Syria’s Oldest Synagogue, Destroyed by Assad

The Daily Beast reports that the Syrian Army forces flattened the over 400-year-old Eliyahu Hanabi Synagogue in Damascus last month. Shlomo Bolts, an official at the Syrian American Council and a Jew of Syrian ancestry, said: “This is hardly the only place of worship to be destroyed by the Assad regime. The Umm al-Zinar Church [in Homs, that locals say dates back to the first centuries of Christianity], the [1,400-year-old] Khalid Ibn Walid Mosque, and countless other irreplaceable cultural sites are now lost.” Activists estimate that at least 33 churches and hundreds of mosques have been destroyed by the Assad regime since the start of the Syrian civil war, as well as six UNESCO World Heritage Sites.

Nazi Seizure of Stores Garners Jewish Family $68 Million Judgment

JNS.org—A court in Berlin ordered Germany to compensate the descendants of the Jewish owners of a department store chain that was seized by Nazis with an additional 50 million euros ($68 million), The Associated Press reported. The Schocken’s chain of stores in the Saxony region was seized by the Nazis in the 1930s. The descendants, who reside in Israel and the U.S., were already paid 15 million euros for one of the seized buildings in the 1990s. One of the buildings that held one of the family’s stores, built in the city of Chemnitz by architect Erich Mendelsohn in 1930, now houses the German State Museum of Archaeology.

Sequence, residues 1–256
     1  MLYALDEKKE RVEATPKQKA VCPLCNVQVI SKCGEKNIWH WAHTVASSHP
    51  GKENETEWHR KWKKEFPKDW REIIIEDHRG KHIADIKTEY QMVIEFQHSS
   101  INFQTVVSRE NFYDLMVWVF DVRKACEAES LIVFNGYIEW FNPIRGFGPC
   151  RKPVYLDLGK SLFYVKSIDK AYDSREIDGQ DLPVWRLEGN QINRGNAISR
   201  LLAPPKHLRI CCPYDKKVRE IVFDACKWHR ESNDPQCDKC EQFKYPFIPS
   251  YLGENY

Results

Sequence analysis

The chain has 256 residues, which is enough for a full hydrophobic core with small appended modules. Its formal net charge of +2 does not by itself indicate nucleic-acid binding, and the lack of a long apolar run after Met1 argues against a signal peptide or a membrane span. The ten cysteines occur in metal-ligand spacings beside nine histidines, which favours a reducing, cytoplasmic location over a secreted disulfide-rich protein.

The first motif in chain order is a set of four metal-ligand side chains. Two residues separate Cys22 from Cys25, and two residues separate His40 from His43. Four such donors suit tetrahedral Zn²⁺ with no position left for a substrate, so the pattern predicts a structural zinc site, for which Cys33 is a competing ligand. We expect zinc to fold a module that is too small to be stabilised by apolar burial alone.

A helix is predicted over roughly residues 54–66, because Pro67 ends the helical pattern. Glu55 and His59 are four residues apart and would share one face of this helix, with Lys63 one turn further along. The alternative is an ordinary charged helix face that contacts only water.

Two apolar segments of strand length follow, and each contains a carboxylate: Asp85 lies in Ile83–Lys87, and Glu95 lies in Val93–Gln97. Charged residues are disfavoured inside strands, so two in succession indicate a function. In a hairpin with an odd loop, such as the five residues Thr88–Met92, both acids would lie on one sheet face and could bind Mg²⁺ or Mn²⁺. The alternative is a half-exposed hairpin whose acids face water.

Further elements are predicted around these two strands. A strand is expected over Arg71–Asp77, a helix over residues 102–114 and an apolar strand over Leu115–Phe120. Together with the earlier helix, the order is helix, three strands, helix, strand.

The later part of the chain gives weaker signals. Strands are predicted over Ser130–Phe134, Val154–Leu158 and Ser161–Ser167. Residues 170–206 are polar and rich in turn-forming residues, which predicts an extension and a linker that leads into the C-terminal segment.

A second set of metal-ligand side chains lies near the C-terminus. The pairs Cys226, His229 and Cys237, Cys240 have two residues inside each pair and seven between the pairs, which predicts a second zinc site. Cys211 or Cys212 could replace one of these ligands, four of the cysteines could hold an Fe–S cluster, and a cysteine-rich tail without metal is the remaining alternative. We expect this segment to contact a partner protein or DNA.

Anti-BDS Student Resolution Passes at Western Washington U.

JNS.org—Associated Students of Western Washington University (ASWWU) became the first North American university student government to pass a proactive resolution against the anti-Israel Boycott, Divestment and Sanctions (BDS) movement. In a 7-0 vote, ASWWU resolved that it would not consider BDS resolutions based on national origin because of the “tensions between students related to foreign conflicts should be managed in a healthy and collaborative manner rather than be exacerbated.” Additionally, the resolution noted that BDS campaigns could result in students being targeted based on their nationality and lead to “disrespectful bias, hostility, hate, or harassment.”

Dysfunction of Arab States Puts Stress on Colonial Borders

UAE-The National reports that in the past week, two prominent Arab figures expressed doubt that Syria would remain as it was, with its war into its fourth year. Lebanese politician Walid Jumblatt told AP: “We are still at the beginning of the war in Syria. In the long term, the map of the Middle East will be redrawn.” Meanwhile, the former UN envoy to Syria, Lakhdar Brahimi, declared to Der Spiegel that Syria would “become another Somalia. Iran wants to consolidate the Syrian regime’s hold over “vital Syria”—Damascus, the border with Lebanon, the Syrian coast, and communication lines in between—through the city and province of Homs. Unable to impose its allies’ control over large swathes of Sunni-dominated areas in Syria and Iraq, a hegemonic Tehran may prefer fragmentation, allowing it to dominate digestible components of disintegrating Arab states.

Yair Lapid: Birthright “Saved A Generation” of Young Jews

JNS.org—Israeli Finance Minister Yair Lapid said that the Taglit-Birthright Israel program, which provides free 10-day trips to Israel for Jews ages 18-26, “saved a generation” of young Jews. “We were on our way to losing a generation of young Jews around on the world,” Lapid said at a farewell ceremony for Birthright co-founder Michael Steinhardt, held at Hebrew University in Jerusalem, Israel Hayom reported. Steinhardt is stepping down from his position as co-chairman of Birthright, 15 years after founding the organization together with Charles Bronfman.